South Africa’s rand fell further against the dollar and equities market had a slow start on Wednesday as the economy entered recession and emerging markets pressures continue.
The rand was at R15.60 to the dollar at 9.30am, while the All Share Index of the Johannesburg Stock Exchange was down 1.39 percent to 57,089.6 points and the top 40 had already lost 1.55 percent.
The South African economy slipped into recession on Tuesday, with Statistics South Africa saying gross domestic product declined 0.7 percent in the second quarter. The economy had contracted 2.6 percent contraction in the first quarter of the years but hopes were high that the country would survive another recession, having staged comebacks in 2016 and 2017 after a quarterly contraction.
Analysts at market intelligence firm IHS Markit had in a note released in March expressed confidence that the South African economy will benefit from positive business and consumer sentiment following Cyril Ramaphosa’s ascent to power. The feeling at IHS is the same across the investment community but the poor performance of its agricultural, transport, communication and storage sectors ensured a second consecutive contraction in the economy. Pressure has also been exerted on the rand in the wake of financial turmoil in Turkey and Argentina.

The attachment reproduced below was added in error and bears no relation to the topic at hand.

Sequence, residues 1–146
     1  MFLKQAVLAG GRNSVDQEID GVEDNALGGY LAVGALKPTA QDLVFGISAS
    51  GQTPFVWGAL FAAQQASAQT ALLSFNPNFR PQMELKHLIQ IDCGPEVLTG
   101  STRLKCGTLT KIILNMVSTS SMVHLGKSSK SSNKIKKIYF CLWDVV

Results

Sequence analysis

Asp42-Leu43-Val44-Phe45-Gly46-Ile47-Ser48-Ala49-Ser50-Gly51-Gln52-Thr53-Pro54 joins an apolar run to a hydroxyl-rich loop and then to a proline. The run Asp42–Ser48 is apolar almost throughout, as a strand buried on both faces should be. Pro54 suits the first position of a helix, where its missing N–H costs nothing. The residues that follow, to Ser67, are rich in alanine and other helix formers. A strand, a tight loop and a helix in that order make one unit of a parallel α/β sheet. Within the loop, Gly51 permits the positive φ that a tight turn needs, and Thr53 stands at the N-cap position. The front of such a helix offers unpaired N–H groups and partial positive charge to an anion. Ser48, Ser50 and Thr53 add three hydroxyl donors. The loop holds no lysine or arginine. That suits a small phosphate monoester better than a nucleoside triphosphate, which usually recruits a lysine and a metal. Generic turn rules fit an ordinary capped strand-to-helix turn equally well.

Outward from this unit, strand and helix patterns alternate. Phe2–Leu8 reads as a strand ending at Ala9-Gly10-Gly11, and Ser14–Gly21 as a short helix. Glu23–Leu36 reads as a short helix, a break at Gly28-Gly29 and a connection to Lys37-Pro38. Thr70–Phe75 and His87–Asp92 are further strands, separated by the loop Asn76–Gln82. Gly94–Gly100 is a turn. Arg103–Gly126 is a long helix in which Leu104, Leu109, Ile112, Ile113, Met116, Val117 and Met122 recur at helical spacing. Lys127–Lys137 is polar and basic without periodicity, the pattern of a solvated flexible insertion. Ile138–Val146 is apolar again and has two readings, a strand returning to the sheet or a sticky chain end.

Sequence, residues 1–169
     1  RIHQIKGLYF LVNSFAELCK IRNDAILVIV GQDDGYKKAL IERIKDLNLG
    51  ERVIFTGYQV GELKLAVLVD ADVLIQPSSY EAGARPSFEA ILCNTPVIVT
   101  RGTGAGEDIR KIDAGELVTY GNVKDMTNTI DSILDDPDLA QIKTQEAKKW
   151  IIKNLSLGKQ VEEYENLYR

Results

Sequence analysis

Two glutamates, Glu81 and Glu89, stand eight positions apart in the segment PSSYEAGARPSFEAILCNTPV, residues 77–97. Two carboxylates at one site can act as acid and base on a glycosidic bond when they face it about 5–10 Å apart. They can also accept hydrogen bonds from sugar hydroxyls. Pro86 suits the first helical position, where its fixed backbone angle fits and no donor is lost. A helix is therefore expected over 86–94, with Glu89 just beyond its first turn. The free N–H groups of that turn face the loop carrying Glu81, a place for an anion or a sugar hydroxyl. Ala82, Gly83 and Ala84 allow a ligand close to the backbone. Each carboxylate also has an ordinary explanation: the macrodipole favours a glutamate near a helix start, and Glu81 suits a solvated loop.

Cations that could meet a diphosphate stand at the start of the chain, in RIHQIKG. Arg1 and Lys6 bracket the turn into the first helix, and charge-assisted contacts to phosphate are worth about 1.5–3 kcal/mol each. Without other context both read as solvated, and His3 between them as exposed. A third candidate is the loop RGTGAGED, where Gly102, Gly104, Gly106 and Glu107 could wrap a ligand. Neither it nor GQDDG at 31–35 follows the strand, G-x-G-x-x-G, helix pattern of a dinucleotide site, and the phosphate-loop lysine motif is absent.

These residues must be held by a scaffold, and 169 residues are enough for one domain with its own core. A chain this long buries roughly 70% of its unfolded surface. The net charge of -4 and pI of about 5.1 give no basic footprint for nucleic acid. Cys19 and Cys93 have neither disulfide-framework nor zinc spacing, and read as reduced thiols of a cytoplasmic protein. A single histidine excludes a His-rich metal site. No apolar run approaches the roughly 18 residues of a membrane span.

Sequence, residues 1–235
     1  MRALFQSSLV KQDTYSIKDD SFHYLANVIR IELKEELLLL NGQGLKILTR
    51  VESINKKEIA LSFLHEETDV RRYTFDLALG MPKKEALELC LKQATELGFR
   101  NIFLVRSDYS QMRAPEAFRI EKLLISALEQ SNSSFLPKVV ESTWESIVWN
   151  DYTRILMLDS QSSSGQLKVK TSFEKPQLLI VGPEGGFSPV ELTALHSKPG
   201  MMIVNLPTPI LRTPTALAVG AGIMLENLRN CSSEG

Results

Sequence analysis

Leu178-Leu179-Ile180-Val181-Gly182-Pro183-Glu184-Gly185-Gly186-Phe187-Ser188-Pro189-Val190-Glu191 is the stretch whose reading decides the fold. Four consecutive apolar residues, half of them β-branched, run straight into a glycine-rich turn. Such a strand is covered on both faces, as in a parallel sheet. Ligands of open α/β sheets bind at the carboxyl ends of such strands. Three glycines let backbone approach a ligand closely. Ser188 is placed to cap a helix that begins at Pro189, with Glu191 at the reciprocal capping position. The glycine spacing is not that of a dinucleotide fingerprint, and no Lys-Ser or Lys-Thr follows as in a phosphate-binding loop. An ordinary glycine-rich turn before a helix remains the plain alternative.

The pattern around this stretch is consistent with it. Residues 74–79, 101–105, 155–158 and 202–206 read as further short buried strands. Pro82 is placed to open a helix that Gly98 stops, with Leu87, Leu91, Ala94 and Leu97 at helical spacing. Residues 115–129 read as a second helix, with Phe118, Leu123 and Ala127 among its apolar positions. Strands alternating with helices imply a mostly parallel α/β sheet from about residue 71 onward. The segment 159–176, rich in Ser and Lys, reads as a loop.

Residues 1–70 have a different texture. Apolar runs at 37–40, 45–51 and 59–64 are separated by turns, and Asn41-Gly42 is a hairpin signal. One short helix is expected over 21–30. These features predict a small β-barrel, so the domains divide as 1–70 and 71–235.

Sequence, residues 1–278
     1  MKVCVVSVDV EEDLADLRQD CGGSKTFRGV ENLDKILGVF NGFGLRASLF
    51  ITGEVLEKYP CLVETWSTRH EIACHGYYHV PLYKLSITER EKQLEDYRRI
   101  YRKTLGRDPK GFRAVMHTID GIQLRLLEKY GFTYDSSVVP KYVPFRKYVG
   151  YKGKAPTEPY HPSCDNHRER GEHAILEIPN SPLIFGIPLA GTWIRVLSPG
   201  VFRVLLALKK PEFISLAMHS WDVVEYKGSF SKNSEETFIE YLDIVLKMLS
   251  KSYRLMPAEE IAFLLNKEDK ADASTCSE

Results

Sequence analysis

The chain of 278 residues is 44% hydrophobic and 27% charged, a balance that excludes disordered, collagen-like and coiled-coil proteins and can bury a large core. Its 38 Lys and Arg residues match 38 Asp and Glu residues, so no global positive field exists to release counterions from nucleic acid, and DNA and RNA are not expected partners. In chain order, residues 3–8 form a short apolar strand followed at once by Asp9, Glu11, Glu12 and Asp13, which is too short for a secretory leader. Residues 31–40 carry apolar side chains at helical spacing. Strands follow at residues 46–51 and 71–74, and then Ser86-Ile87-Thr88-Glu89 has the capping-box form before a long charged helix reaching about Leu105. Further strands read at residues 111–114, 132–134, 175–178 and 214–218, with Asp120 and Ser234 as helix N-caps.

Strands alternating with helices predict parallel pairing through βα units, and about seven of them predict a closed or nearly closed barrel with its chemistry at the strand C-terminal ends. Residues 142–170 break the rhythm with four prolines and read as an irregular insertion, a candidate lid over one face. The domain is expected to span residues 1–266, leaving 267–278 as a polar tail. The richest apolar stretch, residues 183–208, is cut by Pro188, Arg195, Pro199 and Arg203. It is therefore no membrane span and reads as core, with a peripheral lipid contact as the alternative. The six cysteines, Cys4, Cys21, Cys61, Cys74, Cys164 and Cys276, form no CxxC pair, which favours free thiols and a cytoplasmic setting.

In a short analysis on Twitter, Robin Brooks Chief Economist at the Institute of International Finance explained a correlation between countries like Argentina and South Africa whose currencies are under pressure.
“The intensity of flows to Emerging Markets means there are places with a big build-up of inflows relative to what the economy can absorb,” Brooks wrote.
Chart shows cross-section of non-resident flows to EM in % of GDP.
“Argentina and South Africa stand out as having gotten a lot relative to its GDP. Places that received a lot of “hot money” as opposed to more sticky FDI are vulnerable,” Brooks added.
Hot money flows can be destabilising, leading to overvaluation of currency and ultimately making exports more expensive. The result is often a trade and current account deficit.
South Africa’s current account deficit had widened more than expected in the first quarter to 4.8 percent of GDP. The quarterly trade balance was also a deficit of R25 billion ($2 billion) as against a surplus of R74 billion rand.
“The value of merchandise exports was affected by both lower export volumes and lower rand prices as the external value of the rand strengthened,” the central bank stated in June.